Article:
PDF stands for portable data format
One of the absolute strengths of Scrivener is the opportunity to output the same material to a number of alternative media – each one suiting a different audience’s needs or preferences.
One of the easiest formats to create, and the easiest to check, is the PDF. PDF is a paged format which – unlike .doc used in Word – doesn’t rely on the page settings on the recipient’s computer. So, what you put on the page, lands on the page.
Setting up an export format for PDF
The first step is to set up a new format, based on the Default template.
- Select File / Compile
- Click on the + sign at the bottom left of the pane.
- Click on Duplicate & Edit Format…
Give your new format a name. I’ve called my PDF.
You get a choice of where to save this. I’ve opted for My Formats.
Leaving well alone!
I’ll not change anything else for now … and just click on Save. The new style then appears within the My Formats section.
The rest of that pane looks ‘busy’ with lots of settings but, with Scrivener, if you leave well alone, you might find you get what you need without too much tinkering.
The way to tell is to click on the Compile button (which is where the Save button was a moment ago).
You’ll be asked to specify a filename and a folder in which to put this exported document. I include the date (year, month and day) in my filename so I can see which is my most recent version.
Once you click on Export, the PDF document will be created. It only takes a few seconds to export this 47-page book, and then it’s ready for inspection.
Tweaking your Compile setting
Having set up a format with the correct output choice, the process is straightforward.
- Export and view the result.
- Spot something that needs fixing.
- Tweak the compile settings to fix the ‘problem’.
- Go back to step 1 and repeat until you are happy with the result.
One tweak at a time
Only attempt to fix one thing at a time. That way, you make positive progress.
So, what might need fixing? Lots!
The compile process controls how the text looks and how it lands on the page. In this post, I focus on some of the issues that might arise and how to fix them.
Pagination is the process of creating pages. This boils down to determining where the page breaks happen and deciding what features appear (or do not appear) on the page.
Having set up my PDF format and exported it, this is how the first page looks.
Several things are ‘wrong‘ with the pagination
- I don’t want ‘Title Page’ appearing on my title page!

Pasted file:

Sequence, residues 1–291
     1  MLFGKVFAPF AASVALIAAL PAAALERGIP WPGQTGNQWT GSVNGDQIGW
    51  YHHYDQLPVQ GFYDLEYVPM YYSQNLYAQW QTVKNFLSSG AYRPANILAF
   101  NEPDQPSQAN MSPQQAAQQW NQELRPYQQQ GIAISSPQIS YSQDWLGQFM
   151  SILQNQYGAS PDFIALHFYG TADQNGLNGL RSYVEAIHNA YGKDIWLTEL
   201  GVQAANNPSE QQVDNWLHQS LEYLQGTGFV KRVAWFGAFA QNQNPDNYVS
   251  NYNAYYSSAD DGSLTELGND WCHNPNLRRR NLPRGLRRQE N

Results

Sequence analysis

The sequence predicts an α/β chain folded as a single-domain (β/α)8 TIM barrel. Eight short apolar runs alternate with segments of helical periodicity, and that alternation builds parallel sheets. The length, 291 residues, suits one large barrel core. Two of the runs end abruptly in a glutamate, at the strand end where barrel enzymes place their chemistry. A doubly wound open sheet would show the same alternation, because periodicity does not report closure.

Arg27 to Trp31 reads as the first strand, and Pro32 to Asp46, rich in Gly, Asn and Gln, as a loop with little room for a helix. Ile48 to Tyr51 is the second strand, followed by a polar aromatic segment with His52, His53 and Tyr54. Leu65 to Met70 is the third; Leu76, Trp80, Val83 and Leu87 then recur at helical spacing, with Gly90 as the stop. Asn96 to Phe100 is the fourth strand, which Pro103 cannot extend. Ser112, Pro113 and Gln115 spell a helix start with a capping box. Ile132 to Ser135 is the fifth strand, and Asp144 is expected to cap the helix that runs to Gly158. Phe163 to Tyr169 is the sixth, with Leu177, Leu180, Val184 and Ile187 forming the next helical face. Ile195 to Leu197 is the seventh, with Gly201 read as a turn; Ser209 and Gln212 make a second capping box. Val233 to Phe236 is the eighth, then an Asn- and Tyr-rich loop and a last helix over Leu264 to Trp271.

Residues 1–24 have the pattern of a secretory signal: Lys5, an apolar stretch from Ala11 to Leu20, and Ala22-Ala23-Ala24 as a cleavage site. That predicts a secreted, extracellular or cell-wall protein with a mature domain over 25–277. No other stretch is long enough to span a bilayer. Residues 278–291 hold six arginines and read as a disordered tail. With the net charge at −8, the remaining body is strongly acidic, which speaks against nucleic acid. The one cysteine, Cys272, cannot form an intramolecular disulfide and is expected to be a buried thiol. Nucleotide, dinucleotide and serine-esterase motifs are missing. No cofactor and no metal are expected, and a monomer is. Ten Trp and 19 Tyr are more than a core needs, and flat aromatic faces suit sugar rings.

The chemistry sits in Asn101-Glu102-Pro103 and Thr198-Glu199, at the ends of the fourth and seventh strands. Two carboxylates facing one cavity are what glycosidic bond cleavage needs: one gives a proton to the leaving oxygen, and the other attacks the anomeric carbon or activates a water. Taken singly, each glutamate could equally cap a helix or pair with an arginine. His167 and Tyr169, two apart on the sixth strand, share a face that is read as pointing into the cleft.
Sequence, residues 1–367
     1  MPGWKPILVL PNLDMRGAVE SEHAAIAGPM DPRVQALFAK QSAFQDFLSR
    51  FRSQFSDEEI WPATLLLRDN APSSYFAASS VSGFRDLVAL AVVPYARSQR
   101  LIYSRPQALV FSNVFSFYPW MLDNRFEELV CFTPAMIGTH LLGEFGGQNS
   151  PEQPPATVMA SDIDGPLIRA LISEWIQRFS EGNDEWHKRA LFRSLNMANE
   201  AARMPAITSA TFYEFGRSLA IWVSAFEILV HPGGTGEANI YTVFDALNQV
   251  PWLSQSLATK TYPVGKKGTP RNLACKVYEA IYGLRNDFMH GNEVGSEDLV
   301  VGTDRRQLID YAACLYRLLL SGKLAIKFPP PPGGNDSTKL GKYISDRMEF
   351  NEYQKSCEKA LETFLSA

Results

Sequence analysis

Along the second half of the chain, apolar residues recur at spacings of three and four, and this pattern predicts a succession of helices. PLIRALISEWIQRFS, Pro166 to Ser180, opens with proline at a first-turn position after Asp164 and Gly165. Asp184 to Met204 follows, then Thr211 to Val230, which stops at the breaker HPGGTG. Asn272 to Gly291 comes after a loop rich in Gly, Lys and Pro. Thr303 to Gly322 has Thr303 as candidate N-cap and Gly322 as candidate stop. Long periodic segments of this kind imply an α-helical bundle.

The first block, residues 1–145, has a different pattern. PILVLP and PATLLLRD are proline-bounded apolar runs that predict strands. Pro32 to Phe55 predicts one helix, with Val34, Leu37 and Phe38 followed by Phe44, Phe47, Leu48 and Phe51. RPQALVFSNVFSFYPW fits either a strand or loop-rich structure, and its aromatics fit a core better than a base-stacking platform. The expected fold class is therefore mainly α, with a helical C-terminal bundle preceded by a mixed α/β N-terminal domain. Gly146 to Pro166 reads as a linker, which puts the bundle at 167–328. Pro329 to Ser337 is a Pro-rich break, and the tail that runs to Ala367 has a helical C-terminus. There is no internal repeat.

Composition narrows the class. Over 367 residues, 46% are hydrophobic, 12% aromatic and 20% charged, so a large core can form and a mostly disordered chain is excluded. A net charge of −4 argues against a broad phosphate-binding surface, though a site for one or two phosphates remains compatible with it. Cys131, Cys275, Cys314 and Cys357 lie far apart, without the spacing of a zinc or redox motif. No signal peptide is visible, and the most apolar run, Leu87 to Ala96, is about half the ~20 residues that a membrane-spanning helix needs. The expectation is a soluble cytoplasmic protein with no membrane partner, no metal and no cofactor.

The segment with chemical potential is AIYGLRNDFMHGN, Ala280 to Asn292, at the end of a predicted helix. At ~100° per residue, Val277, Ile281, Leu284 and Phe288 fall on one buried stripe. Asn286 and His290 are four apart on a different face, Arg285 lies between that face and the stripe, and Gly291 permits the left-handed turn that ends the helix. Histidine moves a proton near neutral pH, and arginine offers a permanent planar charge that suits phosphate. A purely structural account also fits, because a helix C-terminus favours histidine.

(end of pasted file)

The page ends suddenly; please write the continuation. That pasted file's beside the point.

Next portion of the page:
- The Dedication should be on a new page.
- Ditto for the Contents page.
To make progress, I need to check the section types assigned to each of these documents.
Because I want the title page not to have a heading, while the following pages need a heading, their section types need to be different.
Setting up section types
To discover what section types are being used, select the document in the Binder and open the Inspector.
The section type of the title page is set as Section. Other documents may well also be set as Section, but this document needs special treatment – different from the rest. I need a new Section type …
Setting up a new Section type
The process is straightforward.
- Click on Edit … to open up the Section Types pane.
- Hit on the + sign to create a new section type and call it a Title page.
- Click OK, and then select that section type in the Inspector pane for this title page.
Assigning section layouts
Having set up this new section type, I need to assign a section layout to it.
- Select File / Compile and make sure the PDF format is highlighted.
- Click on Assign Section Layouts…
My new style ‘Title page’ is highlighted.
I now choose which of the options to assign to this section type. As you move your cursor down the screen, at the top right-hand corner of a rectangle, a pen appears. This indicates your option to use/amend this format for your highlighted style.
Click within the rectangle to select it and then click OK. (Your choice stays highlighted, and this indicates what you’ve successfully selected the layout.)
I’ve chosen this one because it has no heading, and there’s a page break before it; so my title page will be on a new page.
If you’re not sure, choose whatever you think might work, export it and see if the result is as you hoped. If it’s not, try again.
Having made that one change, test it by clicking on Compile.
I overwrite my previous version of the PDF but the software warns me, and I choose to Replace.
Making progress, one change at a time
The PDF reveals that I have solved my first problem. I no longer have the document title ‘Title Page’ appearing on my title page. Hoorah!
To solve the next ‘problem’, that of having the Dedication and Contents on their own pages, I follow the same process.
- Look at the section types in the Inspector
- Check that the layout assigned is what I want. Fix if necessary …
Assigning more section layouts
Looking at the Inspector pane, my Dedication page, Contents, and several others ahead of the first chapter of my book all have Section type ‘section’.
I select file / Compile, make sure the PDF format is selected and then select Assign Section Layouts again. A title page is still highlighted so I change this, highlighting Section instead. I then choose the option which will give me a new page and a title.
Net result: my initial few pages are paginated how I want them.
Excellent! But, we are not home and dry yet.
I still have another 46 pages to check … but how I fix things there, we can discuss next week.
Questions about Scrivener? Need a helping hand? Want a demo?
To watch me go through the compile process, or to ask any questions, book a place at the next Simply Scrivener Special. 60 minutes of Q&A on Scrivener with me, Anne Rainbow, Scrivener Virgin.
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